I would like to leave your Lordships with one other thought. It comes from earlier on today, after Prime Minister’s Questions in another place. Laura Kuenssberg, the BBC’s chief political reporter, wrote on BBC online:

“From a political point of view, there is no agreement on how to tackle the issue of violence against women, and what the next steps should be.”

As I am a Cross-Bencher, noble Lords would expect me to take a rather dim view of that. But I really do think that the issues we are discussing about violence against women—predominantly male violence against women—have absolutely nothing to do with politics whatever. They are to do with fundamental human rights, dignity and respect for one another.

Every single one of us in this Chamber was born of a mother; many of us have daughters, sisters, nieces and grandchildren. It is unacceptable. We have to start moving forward, and I think this amendment would be an excellent way for the Government to indicate that they are really listening and for the majority of the police forces that I am sure are considering this to actually take the plunge and do it.

Baroness Fox of Buckley Portrait Baroness Fox of Buckley (Non-Afl)
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My Lords, outside this place the amendment is causing quite a lot of excitement and anticipation—certainly a lot of interest —on social media, in the press and among the NGO world and women’s groups, as we have heard. It has been directly linked to the tragic and brutal murder of Sarah Everard. The Fawcett Society, which, along with other groups such as HOPE not hate, the White Ribbon Association, Tell MAMA and others that we have heard about have focused their lobbying on the need to act now against violence against women. We are told that now is the time to change. That was echoed by the noble Baroness, Lady Kennedy of Cradley, when she introduced the amendment.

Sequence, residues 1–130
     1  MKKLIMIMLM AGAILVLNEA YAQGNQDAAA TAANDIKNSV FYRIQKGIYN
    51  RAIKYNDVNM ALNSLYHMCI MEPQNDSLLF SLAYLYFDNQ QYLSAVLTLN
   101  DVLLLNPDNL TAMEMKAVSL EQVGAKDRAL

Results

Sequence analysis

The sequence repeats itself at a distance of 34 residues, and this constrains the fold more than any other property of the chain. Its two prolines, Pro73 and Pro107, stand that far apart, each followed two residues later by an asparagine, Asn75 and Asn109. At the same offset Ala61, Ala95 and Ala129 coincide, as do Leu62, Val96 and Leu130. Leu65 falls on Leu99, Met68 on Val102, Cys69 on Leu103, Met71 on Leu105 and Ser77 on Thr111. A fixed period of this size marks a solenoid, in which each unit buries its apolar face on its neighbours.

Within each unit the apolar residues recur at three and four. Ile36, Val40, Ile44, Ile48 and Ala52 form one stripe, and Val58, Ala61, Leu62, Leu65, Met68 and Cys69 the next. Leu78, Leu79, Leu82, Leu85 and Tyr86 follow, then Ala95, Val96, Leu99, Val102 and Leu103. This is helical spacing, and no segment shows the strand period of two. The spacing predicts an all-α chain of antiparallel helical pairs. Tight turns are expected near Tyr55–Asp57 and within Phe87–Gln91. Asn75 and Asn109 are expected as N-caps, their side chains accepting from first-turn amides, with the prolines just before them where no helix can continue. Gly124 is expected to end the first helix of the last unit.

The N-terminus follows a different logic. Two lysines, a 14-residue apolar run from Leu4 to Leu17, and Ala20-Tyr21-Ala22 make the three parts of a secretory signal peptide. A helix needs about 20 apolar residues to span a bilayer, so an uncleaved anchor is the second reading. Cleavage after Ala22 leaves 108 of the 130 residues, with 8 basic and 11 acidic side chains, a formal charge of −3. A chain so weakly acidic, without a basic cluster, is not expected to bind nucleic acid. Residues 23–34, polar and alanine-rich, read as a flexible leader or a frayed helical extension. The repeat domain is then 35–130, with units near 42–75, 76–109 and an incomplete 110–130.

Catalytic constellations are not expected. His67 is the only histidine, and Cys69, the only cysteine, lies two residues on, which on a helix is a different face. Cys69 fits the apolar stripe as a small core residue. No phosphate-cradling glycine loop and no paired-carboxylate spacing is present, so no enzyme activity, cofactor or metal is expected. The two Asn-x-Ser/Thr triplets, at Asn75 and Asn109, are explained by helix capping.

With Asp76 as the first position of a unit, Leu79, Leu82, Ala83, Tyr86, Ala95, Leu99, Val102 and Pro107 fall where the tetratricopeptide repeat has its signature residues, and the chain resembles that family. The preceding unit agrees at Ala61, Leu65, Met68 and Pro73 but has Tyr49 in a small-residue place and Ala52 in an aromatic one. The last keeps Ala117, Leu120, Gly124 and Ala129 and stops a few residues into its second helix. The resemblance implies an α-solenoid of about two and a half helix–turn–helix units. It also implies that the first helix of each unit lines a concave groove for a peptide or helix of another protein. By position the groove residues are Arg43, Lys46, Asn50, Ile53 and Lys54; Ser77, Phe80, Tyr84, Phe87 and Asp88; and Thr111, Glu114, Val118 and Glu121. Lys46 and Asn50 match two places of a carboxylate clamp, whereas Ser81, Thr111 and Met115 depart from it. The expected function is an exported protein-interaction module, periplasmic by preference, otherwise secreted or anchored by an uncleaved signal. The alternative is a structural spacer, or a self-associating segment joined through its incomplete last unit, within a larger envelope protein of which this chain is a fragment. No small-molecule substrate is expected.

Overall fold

We have been asked to vote for the amendment because it will make misogyny a hate crime and will require all police forces to record where crimes are motivated by hatred of women. However, there is a lot of smoke and mirrors here. We need to be careful about allowing an emotive tragedy to be exploited in a way which will not help women and not enhance the Bill. I understand that when something as brutal as Sarah’s murder captures the public imagination, there is a desire to do something. For any of us who have been unfortunate victims on the receiving end of a violent sexual attack, let me tell noble Lords that I empathise with those expressing sorrow, anger and a feeling that they need to act, whether by attending a vigil, going on a protest—legal or otherwise—lighting a candle or even demanding more laws.

Here in this House, we need dispassionate, cool heads and to scrutinise exactly what amending the law in this way will achieve. It is hard to be objective when discussing the murder or abuse of women, of course. There may be a temptation to rush to appropriate blame beyond the perpetrator or to ascribe social and cultural explanations beyond the immediate crime. However, what are asserted as facts are often, at the very least, contentious or contested political concepts. Misogyny is one of those. It is popularly understood as hatred of women but in the past week, and even today, as has been hinted at, the police have been described as institutionally misogynist. Is it true that the police hate women? Should we repeat the mantra that society is suffering an epidemic of misogynist violence? I do not recognise that nightmarish catastrophising vision.